After hearing in briefs, the rates were found unlawful by the Commission’s hearing examiner because they are violative of Section 1(6) of the Interstate Commerce Act.

We have set that out at page 2 of our brief here.

Homer S. Carpenter:

I’m sorry, it’s at page 3, the middle of the page, and it reads in part as follows.

“It is hereby made the duty of all common carriers subject to the provisions of this part to establish, observe, and enforce just and reasonable classifications of property for transportation with reference to which rates, tariffs, regulations or practices are/or maybe made or prescribed in just and reasonable regulations and practices affecting classifications, rates, or tariffs.”

The section goes on to deal with other matters.

The railroads filed exceptions to the report of the examiner and Division 2 of the Commission consisting of three commissioners of whom Commissioner Fritz dissented, held that the rates are not violative of Section 1(6) in as much as they were held to be justified by the particular circumstances of this case.

Commissioner Fritz dissented upon the grounds that all freight rates or all commodity rates such as these are on straight shipments, can be justified under only special circumstances which he felt were not present here.

These appellants then petitioned the entire Commission as at that time we had a right to do for reconsideration of the report by Division 2.

In the entire Commission with three commissioners dissenting, issued its report which condemned these rates on two grounds.

First, it was held that the rates constitute a destructive competitive practice in contravention of the National Transportation Policy and second, that the rates do violate the provisions of Section 1(6) of the Act.

Now, these two conclusions were very intimately related and they stem, we believe, from a single basis.

That was the fact that as demonstrated by the evidence of record before the Commission, these all freight rates which have been established for the New Haven and with respect to which the evidence all related operated to hurt rather than to help the New Haven financially.

Potter Stewart:

So, do you understand the holding that — that’s violated the National Transportation Policy insofar as it amounted to a destructive, competitive practice to be that the — that it was self-destructive.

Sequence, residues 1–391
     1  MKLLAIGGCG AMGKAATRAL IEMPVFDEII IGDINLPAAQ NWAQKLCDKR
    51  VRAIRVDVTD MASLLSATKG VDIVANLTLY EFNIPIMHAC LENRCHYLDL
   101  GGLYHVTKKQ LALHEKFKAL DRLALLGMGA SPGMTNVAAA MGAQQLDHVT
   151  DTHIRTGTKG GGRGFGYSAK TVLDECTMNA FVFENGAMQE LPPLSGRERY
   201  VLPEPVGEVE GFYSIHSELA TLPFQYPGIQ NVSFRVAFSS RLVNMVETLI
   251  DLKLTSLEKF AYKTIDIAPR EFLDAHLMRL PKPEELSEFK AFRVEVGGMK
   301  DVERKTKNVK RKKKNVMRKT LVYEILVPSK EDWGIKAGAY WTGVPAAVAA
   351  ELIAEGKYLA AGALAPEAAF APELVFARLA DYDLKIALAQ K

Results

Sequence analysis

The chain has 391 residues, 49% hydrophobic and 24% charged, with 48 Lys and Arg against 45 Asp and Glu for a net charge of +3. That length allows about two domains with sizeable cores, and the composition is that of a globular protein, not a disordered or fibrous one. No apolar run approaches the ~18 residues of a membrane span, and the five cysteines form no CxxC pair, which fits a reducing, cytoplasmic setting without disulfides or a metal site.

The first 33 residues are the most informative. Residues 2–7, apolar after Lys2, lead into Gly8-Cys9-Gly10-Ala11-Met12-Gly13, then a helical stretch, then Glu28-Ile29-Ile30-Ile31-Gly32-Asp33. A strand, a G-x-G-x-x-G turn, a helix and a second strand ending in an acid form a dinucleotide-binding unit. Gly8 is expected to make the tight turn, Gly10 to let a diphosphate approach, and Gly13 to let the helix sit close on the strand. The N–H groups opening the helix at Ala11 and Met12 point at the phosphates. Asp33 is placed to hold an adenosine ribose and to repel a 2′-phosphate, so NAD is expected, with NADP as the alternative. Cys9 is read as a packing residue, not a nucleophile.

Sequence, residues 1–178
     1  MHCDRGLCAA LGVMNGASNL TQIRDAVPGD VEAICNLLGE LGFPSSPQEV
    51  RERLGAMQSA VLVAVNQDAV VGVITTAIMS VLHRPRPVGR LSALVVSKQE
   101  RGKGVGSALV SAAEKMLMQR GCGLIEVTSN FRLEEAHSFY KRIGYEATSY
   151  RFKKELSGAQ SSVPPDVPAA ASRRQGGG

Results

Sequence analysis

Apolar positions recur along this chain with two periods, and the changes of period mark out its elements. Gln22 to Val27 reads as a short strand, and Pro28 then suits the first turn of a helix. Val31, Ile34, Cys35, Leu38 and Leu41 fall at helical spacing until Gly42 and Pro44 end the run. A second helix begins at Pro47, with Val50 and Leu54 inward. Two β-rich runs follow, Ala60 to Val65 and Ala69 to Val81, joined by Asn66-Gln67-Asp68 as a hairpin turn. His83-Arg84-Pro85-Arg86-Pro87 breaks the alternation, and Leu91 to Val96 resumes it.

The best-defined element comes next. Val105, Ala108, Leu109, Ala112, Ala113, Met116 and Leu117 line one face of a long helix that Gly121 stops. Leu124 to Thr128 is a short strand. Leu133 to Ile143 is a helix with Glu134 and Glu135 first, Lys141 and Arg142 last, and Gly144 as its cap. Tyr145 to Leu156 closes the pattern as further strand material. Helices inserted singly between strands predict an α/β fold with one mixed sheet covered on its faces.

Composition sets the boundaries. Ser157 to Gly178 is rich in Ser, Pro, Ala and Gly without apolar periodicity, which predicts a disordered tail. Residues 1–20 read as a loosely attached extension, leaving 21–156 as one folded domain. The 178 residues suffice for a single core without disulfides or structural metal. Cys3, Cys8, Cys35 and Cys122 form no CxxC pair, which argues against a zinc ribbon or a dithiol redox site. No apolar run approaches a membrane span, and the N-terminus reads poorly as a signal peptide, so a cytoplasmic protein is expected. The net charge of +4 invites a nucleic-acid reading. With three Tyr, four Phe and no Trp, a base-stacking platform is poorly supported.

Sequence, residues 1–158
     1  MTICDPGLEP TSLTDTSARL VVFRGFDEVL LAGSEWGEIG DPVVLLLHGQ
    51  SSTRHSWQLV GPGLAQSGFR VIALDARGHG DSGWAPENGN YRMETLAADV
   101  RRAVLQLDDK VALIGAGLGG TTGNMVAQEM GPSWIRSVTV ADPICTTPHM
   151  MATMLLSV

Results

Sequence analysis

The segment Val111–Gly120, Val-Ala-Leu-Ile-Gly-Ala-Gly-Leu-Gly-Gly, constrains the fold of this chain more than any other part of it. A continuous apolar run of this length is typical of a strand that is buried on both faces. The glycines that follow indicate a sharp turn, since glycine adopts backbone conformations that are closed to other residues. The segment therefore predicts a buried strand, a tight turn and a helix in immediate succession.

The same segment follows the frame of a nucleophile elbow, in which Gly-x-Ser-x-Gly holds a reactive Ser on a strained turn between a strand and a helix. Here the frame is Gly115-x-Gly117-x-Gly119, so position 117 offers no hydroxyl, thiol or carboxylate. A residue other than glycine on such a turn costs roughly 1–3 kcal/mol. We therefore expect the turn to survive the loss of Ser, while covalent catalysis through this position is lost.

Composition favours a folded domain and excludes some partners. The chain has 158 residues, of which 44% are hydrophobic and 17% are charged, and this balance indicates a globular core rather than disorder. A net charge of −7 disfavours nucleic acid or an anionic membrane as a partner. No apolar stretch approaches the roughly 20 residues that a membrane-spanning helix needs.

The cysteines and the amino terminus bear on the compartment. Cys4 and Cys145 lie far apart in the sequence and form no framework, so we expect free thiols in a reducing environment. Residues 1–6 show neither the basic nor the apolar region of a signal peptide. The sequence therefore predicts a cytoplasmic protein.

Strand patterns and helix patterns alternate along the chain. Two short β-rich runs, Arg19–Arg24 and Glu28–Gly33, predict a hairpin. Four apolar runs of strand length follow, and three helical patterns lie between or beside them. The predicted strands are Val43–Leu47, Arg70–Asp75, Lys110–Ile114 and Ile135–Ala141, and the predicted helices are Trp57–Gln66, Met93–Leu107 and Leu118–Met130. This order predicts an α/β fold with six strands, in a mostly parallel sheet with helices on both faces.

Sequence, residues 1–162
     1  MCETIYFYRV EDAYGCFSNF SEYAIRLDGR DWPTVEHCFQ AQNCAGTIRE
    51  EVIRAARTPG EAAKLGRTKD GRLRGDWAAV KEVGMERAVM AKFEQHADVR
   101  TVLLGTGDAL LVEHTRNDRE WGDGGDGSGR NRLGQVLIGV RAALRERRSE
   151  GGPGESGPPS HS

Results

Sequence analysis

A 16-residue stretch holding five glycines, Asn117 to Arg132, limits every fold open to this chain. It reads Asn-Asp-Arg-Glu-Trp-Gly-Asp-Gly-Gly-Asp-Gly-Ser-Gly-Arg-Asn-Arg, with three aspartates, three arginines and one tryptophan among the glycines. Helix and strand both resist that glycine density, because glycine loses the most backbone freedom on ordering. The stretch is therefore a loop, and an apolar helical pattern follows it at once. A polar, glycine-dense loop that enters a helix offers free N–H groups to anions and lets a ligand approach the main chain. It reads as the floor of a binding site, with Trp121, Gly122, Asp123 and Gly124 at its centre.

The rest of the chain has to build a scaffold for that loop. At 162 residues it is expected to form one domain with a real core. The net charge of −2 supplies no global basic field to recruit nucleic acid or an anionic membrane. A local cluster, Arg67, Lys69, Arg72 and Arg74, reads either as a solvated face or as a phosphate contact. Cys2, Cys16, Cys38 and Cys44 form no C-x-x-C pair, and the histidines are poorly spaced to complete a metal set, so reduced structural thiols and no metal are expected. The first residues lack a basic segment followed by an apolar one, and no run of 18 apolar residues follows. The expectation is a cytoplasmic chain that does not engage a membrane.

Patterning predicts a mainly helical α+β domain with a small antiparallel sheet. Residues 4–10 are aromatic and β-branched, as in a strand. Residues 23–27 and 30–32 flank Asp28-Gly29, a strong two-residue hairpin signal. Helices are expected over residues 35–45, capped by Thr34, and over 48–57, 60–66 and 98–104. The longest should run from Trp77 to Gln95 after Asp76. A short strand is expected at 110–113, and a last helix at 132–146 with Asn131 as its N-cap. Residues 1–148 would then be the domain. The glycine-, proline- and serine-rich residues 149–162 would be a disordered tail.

It was a self-destructive, competitive practice with a harm done was to the — to the New Haven Railroad?

Homer S. Carpenter:

To both, Your Honor.

Potter Stewart:

The destruction done?

Homer S. Carpenter:

Yes, yes, Your Honor, to both though, not just to the New Haven.

The New Haven Court — and I would touch on this later.

The court below in an earlier decision had itself defined the destructive competitive practice as one which is harmful to the proponent of it —

Potter Stewart:

Yes.

Homer S. Carpenter:

— and also, harmful to its competitors.

Potter Stewart:

Does it need to be both?

Homer S. Carpenter:

I think so.

Potter Stewart:

You think there’s a holding here that it was both?

Homer S. Carpenter:

There is a holding here that it was both.

Earl Warren:

Was there a holding that it needs to be harmful to both?

Homer S. Carpenter:

I don’t think so, Your Honor.

I believe the holding was that — I’m sure the holding was that this practice would be destructive of just and reasonable rate structures upon which carriers and shippers alike depend for adequate service, the maintenance of adequate service.

Now, there was no holding that this would be harmful to the motor carriers.

We didn’t litigate on that basis or at least the Commission didn’t decide on that basis.

We had urged that before the Commission — Commission had no — no finding on it.

The Commission made two findings in connection with this ultimate conclusion and also with respect to this evidence relating to the injury to the New Haven as well as to the other carriers through the destruction of the rate structure.